“All of this takes time and all of this time is money,” he said.
Braymer said he heard from Queensbury officials that about 80% of the septic systems they checked were failing. Most were simple solutions, however, that did not require hiring an engineer and submitting a remediation plan.
“The proposition is that people fix their system. It is not necessarily up to them to go out and replace them, ”she said.
Dickinson said he thinks the county could have a lot of trouble trying to do so.
Braymer said the program was working in Queensbury and Bolton was drafting similar legislation.
Chester’s supervisor Craig Leggett said his town had a similar law but lacked the staff to enforce it. He would appreciate the county’s help.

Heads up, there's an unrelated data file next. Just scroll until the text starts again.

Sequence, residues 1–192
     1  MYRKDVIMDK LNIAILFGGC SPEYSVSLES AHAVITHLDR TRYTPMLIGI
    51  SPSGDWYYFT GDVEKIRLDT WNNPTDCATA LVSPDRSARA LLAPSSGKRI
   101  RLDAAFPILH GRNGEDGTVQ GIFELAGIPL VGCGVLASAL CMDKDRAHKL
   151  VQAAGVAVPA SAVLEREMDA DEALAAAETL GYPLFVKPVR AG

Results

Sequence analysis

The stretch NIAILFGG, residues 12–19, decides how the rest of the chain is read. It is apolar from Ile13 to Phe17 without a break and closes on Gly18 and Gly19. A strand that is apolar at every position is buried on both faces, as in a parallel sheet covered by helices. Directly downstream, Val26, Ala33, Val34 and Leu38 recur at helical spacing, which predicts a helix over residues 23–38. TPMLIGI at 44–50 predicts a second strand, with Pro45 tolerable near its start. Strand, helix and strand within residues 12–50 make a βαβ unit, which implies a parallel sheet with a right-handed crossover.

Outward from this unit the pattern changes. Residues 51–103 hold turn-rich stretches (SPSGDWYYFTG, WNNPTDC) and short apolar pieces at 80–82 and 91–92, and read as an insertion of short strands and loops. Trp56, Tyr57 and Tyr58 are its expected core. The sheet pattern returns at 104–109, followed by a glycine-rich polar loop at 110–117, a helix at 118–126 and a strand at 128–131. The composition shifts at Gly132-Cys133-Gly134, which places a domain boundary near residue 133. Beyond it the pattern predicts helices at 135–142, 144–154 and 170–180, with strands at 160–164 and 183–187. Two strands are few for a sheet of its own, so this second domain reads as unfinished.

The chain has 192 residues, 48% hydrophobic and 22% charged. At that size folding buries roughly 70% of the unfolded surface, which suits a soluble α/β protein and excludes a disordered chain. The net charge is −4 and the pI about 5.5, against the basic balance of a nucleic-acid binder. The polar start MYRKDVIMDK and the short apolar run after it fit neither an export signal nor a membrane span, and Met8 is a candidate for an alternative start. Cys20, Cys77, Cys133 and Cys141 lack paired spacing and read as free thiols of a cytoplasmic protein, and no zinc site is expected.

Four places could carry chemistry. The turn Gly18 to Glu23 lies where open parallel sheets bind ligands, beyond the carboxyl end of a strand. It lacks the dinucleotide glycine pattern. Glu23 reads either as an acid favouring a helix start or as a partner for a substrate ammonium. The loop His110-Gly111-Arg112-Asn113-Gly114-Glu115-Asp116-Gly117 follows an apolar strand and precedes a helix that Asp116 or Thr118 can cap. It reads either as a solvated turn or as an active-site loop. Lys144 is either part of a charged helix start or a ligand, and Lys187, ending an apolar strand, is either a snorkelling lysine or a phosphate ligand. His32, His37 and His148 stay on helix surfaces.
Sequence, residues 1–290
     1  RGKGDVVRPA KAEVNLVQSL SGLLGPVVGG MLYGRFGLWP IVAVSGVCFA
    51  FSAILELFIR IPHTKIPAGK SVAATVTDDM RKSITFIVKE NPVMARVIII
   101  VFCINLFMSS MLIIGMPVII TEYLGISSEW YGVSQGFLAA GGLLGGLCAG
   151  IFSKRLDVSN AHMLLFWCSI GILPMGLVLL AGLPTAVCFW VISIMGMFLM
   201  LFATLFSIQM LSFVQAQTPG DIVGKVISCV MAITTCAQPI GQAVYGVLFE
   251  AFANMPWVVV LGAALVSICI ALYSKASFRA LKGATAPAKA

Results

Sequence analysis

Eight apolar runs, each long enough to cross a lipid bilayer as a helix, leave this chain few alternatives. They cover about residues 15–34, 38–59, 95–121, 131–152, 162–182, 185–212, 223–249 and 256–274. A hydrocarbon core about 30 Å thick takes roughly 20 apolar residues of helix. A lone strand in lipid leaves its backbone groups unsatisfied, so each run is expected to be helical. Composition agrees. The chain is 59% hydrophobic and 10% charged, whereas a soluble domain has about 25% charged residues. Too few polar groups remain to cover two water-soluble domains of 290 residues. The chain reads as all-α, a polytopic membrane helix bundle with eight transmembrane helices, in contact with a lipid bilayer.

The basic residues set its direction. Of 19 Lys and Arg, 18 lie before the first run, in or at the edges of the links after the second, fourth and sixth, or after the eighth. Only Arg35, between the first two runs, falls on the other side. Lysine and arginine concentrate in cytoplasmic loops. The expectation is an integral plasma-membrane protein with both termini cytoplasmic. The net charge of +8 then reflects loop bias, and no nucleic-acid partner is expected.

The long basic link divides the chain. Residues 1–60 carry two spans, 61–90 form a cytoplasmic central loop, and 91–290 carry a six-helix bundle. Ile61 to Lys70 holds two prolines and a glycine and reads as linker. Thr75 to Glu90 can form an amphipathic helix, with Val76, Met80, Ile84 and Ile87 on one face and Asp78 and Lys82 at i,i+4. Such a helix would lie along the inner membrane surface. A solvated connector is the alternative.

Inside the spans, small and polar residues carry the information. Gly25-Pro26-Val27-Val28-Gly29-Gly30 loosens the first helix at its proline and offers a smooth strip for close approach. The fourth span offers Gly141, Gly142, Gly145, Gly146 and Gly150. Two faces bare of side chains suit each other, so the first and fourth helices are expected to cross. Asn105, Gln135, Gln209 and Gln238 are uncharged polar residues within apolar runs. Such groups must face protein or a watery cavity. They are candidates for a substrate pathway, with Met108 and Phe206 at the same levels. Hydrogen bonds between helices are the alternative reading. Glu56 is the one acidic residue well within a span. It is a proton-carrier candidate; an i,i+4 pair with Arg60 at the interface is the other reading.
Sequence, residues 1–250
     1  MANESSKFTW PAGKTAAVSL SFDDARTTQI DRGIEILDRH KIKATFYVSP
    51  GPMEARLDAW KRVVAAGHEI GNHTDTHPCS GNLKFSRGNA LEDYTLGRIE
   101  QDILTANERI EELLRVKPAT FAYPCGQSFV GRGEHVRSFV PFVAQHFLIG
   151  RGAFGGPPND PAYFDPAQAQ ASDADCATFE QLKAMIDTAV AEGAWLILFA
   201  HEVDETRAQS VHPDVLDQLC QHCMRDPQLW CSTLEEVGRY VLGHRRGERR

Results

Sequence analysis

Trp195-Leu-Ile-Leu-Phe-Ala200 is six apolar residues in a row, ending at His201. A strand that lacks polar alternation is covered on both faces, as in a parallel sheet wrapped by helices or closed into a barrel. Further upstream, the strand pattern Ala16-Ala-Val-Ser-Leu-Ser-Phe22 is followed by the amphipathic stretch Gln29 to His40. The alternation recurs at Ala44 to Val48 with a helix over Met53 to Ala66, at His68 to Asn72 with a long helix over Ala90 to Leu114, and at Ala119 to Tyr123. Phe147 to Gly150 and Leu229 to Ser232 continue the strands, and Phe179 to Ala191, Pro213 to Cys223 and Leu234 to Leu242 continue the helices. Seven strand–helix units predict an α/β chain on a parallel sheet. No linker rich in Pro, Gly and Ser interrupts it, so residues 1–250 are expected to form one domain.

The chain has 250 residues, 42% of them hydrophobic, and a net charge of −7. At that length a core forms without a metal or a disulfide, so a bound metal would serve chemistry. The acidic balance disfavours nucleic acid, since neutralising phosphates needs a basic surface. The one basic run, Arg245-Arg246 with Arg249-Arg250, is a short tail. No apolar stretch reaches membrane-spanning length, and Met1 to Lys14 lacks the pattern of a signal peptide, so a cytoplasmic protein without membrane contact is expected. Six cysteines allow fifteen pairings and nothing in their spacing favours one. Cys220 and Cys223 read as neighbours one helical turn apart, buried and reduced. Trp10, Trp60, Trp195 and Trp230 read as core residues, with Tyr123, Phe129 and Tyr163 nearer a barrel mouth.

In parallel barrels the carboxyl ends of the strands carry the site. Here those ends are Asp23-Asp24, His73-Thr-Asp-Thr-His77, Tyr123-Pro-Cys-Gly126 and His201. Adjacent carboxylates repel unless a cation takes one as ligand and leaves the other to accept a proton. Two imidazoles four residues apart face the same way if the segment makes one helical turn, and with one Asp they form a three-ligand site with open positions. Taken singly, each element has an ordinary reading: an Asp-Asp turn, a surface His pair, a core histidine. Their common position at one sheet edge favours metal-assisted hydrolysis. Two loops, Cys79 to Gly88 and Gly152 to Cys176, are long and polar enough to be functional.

Real estate agents need to be part of the process because sellers want to get rid of their property as quickly and cheaply as possible, Leggett said.
Buyers may be unaware that an inspection is required. By the time the sale is closed, it may be too late.
This law could ensure that real estate agents are made aware of the requirement for an inspection.
Leggett said many lakeside properties are on unsanitary lots, which means the owner must go to a local council for exemptions.